Full Text Available Cell-surface CD200 expression by mouse EMT6 breast tumor cells increased primary tumor growth and metastasis to the draining lymph nodes (DLN in normal (WT BALB/c female recipients, while lack of CD200R1 expression in a CD200R1-/- host negated this effect. Silencing CD200 expression in EMT6siCD200 tumor cells also reduced their ability to grow and metastasize in WT animals. The cellular mechanisms responsible for these effects have not been studied in detail. We report characterization of tumor infiltrating (TILs and draining lymph node (DLN cells in WT and CD200-/- BALB/c mice, receiving WT tumor cells, or EMT6 lacking CD200 expression (EMT6siCD200 cells. Our data show an important correlation with augmented CD8+ cytotoxic T cells and resistance to tumor growth in mice lacking exposure (on either host cells or tumor to the immunoregulatory molecule CD200. Confirmation of the importance of such CD8+ cells came from monitoring tumor growth and characterization of the TILs and DLN cells in WT mice challenged with EMT6 and EMT6siCD200 tumors and treated with CD8 and CD4 depleting antibodies. Finally, we have assessed the mechanisms(s whereby addition of metformin as an augmenting chemotherapeutic agent in CD200-/- animals given EMT6 tumors and treated with a previously established immunotherapy regime can increase host resistance. Our data support the hypothesis that increased autophagy in the presence of metformin increases CD8+ responses and tumor resistance, an effect attenuated by the autophagy inhibitor verteporfin.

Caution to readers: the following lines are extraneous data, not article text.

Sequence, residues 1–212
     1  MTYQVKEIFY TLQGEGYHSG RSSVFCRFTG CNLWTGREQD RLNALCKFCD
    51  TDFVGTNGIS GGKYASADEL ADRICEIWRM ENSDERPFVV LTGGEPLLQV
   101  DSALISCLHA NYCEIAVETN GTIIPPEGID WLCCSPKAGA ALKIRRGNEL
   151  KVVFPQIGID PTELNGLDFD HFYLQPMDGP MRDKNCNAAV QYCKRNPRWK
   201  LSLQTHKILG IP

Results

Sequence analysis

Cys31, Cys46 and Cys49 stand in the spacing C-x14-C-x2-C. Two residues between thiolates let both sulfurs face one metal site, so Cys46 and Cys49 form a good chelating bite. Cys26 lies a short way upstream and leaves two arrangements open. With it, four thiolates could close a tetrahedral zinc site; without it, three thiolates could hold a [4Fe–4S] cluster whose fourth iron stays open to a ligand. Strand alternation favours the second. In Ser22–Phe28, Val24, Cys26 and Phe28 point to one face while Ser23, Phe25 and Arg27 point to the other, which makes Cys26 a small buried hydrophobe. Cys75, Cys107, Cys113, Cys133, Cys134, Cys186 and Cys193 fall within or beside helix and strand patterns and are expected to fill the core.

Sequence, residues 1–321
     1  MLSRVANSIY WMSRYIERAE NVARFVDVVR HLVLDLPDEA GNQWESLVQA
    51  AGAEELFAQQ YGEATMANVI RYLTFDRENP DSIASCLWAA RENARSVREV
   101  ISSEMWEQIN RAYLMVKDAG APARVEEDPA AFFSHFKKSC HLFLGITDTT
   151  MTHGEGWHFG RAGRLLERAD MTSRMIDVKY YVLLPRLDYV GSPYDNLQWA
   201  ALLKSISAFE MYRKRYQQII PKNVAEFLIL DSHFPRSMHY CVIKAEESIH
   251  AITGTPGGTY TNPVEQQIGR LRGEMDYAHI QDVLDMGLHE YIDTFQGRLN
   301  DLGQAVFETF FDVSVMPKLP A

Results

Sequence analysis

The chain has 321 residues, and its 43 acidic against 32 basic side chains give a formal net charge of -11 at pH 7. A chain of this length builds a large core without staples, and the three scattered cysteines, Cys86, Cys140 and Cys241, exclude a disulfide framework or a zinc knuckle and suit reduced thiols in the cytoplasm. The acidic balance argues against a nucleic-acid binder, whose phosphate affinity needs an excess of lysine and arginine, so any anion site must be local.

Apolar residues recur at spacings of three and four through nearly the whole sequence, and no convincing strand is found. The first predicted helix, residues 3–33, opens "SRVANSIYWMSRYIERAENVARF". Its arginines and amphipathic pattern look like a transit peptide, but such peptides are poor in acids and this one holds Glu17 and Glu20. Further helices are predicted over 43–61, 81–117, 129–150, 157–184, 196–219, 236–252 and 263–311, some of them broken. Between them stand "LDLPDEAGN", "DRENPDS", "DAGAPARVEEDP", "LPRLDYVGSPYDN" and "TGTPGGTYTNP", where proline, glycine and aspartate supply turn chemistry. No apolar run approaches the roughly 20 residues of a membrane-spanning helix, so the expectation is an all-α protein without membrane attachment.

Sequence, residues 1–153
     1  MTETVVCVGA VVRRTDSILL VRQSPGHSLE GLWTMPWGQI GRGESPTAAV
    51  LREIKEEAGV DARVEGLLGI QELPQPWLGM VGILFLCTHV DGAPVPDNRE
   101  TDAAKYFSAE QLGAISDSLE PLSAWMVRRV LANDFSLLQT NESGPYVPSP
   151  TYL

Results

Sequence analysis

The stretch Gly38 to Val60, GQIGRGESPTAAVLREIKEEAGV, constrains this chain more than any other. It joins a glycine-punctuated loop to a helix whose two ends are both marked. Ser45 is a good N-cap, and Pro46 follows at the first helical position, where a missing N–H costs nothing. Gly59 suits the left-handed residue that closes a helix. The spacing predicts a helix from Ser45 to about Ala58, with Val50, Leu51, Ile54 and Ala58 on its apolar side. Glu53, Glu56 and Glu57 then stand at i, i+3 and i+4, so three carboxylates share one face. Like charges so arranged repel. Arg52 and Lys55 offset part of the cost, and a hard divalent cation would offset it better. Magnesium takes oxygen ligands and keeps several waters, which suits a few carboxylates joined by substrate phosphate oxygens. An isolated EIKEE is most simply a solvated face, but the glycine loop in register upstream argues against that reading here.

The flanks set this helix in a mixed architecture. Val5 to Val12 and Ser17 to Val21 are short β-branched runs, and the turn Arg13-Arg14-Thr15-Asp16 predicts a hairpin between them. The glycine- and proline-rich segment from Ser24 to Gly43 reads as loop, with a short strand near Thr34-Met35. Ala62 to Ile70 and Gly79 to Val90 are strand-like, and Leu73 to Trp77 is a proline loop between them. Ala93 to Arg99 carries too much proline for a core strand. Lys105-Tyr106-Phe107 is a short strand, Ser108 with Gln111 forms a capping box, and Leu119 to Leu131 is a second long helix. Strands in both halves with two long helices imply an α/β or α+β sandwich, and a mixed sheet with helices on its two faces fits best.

6. Fuel cell with internal flow control

    Science.gov (United States)

    Haltiner, Jr., Karl J.; Venkiteswaran, Arun [Karnataka, IN

    2012-06-12

    A fuel cell stack is provided with a plurality of fuel cell cassettes where each fuel cell cassette has a fuel cell with an anode and cathode. The fuel cell stack includes an anode supply chimney for supplying fuel to the anode of each fuel cell cassette, an anode return chimney for removing anode exhaust from the anode of each fuel cell cassette, a cathode supply chimney for supplying oxidant to the cathode of each fuel cell cassette, and a cathode return chimney for removing cathode exhaust from the cathode of each fuel cell cassette. A first fuel cell cassette includes a flow control member disposed between the anode supply chimney and the anode return chimney or between the cathode supply chimney and the cathode return chimney such that the flow control member provides a flow restriction different from at least one other fuel cell cassettes.

  7. Invasion of Dendritic Cells, Macrophages and Neutrophils by the Bordetella Adenylate Cyclase Toxin: A Subversive Move to Fool Host Immunity

    Directory of Open Access Journals (Sweden)